(1) Each owner or operator of an affected facility shall, on the first operating day of every month, ensure that each solvent cleaning machine system contains only clean liquid solvent. This includes, but is not limited to, fresh unused solvent, recycled solvent, and used solvent that has been cleaned of soiled materials. A fill line must be indicated during the first month the measurements are made. The solvent level within the machine must be returned to the same fill-line each month, immediately prior to calculating monthly emissions as specified in paragraphs (c)(2) and (3) of this section. The solvent cleaning machine does not have to be emptied and filled with fresh unused solvent prior to the calculations.

(2) Each owner or operator of an affected facility shall, on the first operating day of the month, using the records of all solvent additions and deletions for the previous month, determine solvent emissions (E unit) from each solvent cleaning machine using equation 10:

[Graphic not available; view image of printed page]

Where:

E unit= the total halogenated HAP solvent emissions from the solvent cleaning machine during the most recent month i, (kilograms of solvent per month).

SA i= the total amount of halogenated HAP liquid solvent added to the solvent cleaning machine during the most recent month i, (kilograms of solvent per month).

LSR i= the total amount of halogenated HAP liquid solvent removed from the solvent cleaning machine during the most recent month i, (kilograms of solvent per month).

SSR i= the total amount of halogenated HAP solvent removed from the solvent cleaning machine in solid waste, obtained as described in paragraph (c)(3) of this section, during the most recent month i, (kilograms of solvent per month).

(3) Each owner or operator of an affected facility shall, on the first operating day of the month, determine SSR i using the method specified in paragraph (c)(3)(i) or (c)(3)(ii) of this section.

(i) From tests conducted using EPA reference method 25d.

(ii) By engineering calculations included in the compliance report.

(4) Each owner or operator of an affected facility shall on the first operating day of the month, after 12 months of emissions data are available, determine the 12-month rolling total emissions, ET unit, for the 12-month period ending with the most recent month using equation 11:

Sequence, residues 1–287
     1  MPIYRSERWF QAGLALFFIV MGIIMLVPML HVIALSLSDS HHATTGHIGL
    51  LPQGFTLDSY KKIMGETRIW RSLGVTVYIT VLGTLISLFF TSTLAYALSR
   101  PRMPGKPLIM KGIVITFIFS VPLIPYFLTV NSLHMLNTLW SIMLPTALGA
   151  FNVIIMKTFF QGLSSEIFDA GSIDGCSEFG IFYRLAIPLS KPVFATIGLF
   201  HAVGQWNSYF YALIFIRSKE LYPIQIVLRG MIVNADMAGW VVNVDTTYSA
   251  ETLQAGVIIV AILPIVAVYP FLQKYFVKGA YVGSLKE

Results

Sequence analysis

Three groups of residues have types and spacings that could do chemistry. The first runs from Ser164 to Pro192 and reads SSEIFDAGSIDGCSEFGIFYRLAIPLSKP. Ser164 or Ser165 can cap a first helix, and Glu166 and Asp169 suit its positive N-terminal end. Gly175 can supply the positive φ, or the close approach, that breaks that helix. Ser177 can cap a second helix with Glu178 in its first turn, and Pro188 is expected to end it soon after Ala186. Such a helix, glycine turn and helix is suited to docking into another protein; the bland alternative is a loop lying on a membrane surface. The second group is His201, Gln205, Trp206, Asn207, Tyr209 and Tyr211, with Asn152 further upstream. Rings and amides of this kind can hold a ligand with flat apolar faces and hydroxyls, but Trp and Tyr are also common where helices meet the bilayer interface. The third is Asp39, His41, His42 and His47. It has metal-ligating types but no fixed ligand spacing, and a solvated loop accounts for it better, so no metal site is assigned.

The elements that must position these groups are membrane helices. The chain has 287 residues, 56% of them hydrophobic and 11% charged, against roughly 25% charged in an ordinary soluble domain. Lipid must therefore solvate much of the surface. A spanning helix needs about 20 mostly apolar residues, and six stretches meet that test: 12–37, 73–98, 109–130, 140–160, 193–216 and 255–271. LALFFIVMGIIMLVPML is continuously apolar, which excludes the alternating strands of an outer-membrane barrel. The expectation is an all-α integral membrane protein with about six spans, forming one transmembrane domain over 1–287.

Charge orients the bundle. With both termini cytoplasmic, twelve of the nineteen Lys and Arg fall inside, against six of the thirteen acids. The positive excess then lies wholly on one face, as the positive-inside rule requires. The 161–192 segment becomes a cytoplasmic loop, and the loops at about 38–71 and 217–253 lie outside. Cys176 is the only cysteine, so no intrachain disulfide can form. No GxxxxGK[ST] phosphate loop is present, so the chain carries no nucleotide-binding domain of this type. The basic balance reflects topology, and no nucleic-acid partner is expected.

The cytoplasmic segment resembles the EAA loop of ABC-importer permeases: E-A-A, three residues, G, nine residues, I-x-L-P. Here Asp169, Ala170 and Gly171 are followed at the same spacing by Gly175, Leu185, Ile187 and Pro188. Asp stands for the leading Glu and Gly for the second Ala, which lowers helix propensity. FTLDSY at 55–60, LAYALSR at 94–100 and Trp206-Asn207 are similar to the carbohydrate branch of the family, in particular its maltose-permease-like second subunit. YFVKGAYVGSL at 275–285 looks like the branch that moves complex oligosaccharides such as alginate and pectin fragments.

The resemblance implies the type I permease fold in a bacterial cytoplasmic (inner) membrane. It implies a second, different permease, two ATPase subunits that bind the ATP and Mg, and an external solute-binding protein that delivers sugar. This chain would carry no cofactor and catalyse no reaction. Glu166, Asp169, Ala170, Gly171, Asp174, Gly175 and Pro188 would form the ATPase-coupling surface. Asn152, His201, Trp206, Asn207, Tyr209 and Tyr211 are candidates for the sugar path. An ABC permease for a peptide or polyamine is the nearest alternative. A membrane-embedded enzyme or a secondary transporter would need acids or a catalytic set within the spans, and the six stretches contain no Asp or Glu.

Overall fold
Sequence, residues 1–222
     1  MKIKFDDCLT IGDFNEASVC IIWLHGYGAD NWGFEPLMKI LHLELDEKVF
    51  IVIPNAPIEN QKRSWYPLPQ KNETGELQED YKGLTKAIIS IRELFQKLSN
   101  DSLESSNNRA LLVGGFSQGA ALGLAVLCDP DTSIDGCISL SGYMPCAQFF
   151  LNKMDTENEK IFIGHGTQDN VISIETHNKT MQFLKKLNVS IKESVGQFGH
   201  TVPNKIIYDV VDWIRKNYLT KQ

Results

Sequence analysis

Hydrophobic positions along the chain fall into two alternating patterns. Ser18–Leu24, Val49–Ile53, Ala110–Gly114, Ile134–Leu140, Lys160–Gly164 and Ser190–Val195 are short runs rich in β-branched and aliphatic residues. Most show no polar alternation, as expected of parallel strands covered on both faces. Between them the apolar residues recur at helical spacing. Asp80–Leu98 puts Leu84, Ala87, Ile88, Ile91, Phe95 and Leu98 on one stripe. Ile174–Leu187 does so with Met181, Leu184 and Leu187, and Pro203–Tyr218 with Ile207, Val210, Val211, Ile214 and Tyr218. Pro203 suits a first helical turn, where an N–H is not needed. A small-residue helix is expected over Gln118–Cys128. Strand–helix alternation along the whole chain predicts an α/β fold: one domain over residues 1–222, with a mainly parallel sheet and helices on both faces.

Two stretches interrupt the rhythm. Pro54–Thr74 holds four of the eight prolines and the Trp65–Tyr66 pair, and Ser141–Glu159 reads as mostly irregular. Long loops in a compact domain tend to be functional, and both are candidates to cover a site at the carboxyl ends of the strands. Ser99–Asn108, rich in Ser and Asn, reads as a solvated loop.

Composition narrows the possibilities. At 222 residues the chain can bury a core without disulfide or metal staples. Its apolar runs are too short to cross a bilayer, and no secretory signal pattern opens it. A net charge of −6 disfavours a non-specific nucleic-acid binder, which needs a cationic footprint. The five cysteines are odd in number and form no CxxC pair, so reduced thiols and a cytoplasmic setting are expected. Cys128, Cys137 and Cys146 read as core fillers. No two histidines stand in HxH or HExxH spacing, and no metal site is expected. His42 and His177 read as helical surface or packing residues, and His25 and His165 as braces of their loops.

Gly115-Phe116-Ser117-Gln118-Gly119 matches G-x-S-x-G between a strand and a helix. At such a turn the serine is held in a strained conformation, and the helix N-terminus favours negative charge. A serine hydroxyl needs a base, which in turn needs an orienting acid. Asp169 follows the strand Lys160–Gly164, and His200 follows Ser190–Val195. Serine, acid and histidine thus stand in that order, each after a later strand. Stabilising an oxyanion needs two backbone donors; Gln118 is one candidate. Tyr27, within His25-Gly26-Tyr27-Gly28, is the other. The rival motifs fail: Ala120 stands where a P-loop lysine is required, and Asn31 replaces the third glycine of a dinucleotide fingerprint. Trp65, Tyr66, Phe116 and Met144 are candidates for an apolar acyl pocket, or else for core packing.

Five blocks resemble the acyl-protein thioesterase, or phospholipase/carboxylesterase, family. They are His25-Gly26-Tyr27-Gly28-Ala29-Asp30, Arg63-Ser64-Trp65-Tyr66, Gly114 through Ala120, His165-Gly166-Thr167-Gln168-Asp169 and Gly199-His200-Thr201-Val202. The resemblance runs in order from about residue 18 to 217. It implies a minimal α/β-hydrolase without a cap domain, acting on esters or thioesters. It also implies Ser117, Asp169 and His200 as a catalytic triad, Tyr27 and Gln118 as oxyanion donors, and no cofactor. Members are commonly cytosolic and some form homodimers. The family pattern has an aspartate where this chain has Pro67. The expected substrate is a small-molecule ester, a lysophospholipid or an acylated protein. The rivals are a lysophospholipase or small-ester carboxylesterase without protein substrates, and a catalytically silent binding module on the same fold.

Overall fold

[Graphic not available; view image of printed page]

Where:

ET unit= the total halogenated HAP solvent emissions over the preceding 12 months, (kilograms of solvent emissions per 12-month period).

E unit= halogenated HAP solvent emissions for each month (j) for the most recent 12 months (kilograms of solvent per month).

(5) Each owner or operator of an affected facility shall on the first operating day of the month, after 12 months of emissions data are available, determine the 12-month rolling total emissions, ET facility, for the 12-month period ending with the most recent month using equation 12:

[Graphic not available; view image of printed page]

Where:

ET facility= the total halogenated HAP solvent emissions over the preceding 12 months for all cleaning machines at the facility, (kilograms of solvent emissions per 12-month period).

ET unit= the total halogenated HAP solvent emissions over the preceding 12 months for each unit j, where i equals the total number of units at the facility (kilograms of solvent emissions per 12-month period).

(d) If the applicable facility-wide emission limit presented in Table 1 of paragraph (b)(2) is not met, an exceedance has occurred. All exceedances shall be reported as required in § 63.468(h).

(e) Each owner or operator of an affected facility shall maintain records specified in paragraphs (e)(1) through (3) of this section either in electronic or written form for a period of 5 years. For purposes of this paragraph, “each solvent cleaning machine” means each solvent cleaning machine that is part of an affected facility regulated by this section.

(1) The dates and amounts of solvent that are added to each solvent cleaning machine.

(2) The solvent composition of wastes removed from each solvent cleaning machines as determined using the procedure described in paragraph (c)(3) of this section.

(3) Calculation sheets showing how monthly emissions and the 12-month rolling total emissions from each solvent cleaning machine were determined, and the results of all calculations.